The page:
Intex Inflatable Spa Plumbing Caps

I’m working up to finally posting about my adventures in DIY hot tub land, but for now I’ll be brief: we have an Intex inflatable spa, and I do a LOT of DIY mods to it that require plumbing access.

Since I don’t want to drain the whole tub every time I mess with the pipes, I present: Intex PureSpa Plumbing Caps.

Blower Inlet Cap

The bubble plumbing has a check valve internally, so it won’t gush water when you unscrew it. And if it eventually leaks, the OEM pump assembly has plumbing like a dishwasher so it can’t leak into the blower motor:

Unfortunately, my OEM pump module is long since kaput and I don’t use it at all anymore, so the blower circuit is just sitting there open and unused. Even before mine started leaking, we have lots of spiders and other critters in the back yard. Maybe they’re even why it’s leaking, who knows. But it needed a cap, so I made one.

Dimensions and Assembly:

CAD model here on thangs:

I drew in CAD this plug with a 2.375″-12 thread extruded 15mm (not critical) then scaled 98.5% X/Y and 118.3% Z to match the as-measured 10.14TPI thread pitch with a decent fit. I couldn’t ever figure out what the thread is ACTUALLY supposed to be but this works. It doesn’t seem to be a standard metric OR imperial, but Intex HQ is in Long Beach CA so I suppose it’s more likely to be in inches.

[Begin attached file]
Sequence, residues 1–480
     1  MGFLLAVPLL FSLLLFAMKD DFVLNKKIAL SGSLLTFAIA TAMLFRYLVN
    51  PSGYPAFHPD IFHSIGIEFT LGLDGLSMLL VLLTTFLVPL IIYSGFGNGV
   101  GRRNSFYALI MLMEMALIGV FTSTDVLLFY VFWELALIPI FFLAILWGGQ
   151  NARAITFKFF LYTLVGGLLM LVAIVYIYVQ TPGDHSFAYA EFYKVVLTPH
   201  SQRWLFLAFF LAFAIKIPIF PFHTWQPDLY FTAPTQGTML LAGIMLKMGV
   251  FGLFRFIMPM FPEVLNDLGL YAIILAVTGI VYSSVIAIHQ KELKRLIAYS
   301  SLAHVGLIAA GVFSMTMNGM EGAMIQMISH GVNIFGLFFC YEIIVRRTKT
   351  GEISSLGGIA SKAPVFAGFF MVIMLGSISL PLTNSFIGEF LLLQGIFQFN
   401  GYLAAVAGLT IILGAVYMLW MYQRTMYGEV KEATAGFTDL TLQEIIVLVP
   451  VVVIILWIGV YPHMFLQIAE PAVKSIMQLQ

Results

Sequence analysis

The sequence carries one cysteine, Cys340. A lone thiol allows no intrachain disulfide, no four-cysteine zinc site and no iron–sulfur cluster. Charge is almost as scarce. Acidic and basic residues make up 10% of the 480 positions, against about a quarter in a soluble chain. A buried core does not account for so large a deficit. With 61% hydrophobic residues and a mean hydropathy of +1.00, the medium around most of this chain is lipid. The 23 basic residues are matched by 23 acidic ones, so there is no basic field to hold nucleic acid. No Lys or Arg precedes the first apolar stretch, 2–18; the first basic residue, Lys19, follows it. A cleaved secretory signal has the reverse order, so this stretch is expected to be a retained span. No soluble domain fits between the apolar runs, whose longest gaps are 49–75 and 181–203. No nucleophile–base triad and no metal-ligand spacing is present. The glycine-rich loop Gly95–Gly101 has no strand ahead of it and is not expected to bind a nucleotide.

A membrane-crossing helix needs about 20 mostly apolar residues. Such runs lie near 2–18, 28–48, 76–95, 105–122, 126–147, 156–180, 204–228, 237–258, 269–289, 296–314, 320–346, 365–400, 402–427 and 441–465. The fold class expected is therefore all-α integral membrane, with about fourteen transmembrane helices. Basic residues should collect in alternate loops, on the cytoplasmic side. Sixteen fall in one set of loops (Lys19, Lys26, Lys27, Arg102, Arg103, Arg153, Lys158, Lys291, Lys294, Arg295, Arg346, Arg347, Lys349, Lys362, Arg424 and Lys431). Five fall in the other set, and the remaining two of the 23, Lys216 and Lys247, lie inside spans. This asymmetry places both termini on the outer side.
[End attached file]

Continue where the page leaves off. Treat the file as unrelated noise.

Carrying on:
Fits well, but even with ironing on the interior mating face, it doesn’t seal well enough. I bought this 1/16″ silicone gasket sheet on Amazon and cut a 58mm circle out of it to put in the bottom of my cap, and that seals it up nicely. I printed a little ring to stamp the 58mm into the sheet by stepping on it, so I’d have a template to cut with scissors.

Filter Circuit Cap

When you undo the plumbing for the filter/heater circuit, water DOES immediately start gushing. By installing these caps, you can completely remove the filter/heater/blower assembly for cleaning or whatever else, without any water leaks. You’ll need 3, one for each filter inlet and one for the return. Remove both filters and cap all 3 spots internally.

You may need to print two more for the outside ports to keep things really dry if you’re going to leave the plumbing disconnected for a long time, as the inside ones don’t seal very well (probably – I haven’t actually had a chance to test these yet).

These were drawn as 1.75″-12 thread extruded 20mm (at least, important!) and scaled 104.5% in X/Y, and 93.8% in Z to match the measured 12.79TPI thread pitch. It’s important that the thread is long enough so the TOP surface bottoms out on the inside of the hot tub wall.

Thangs link:

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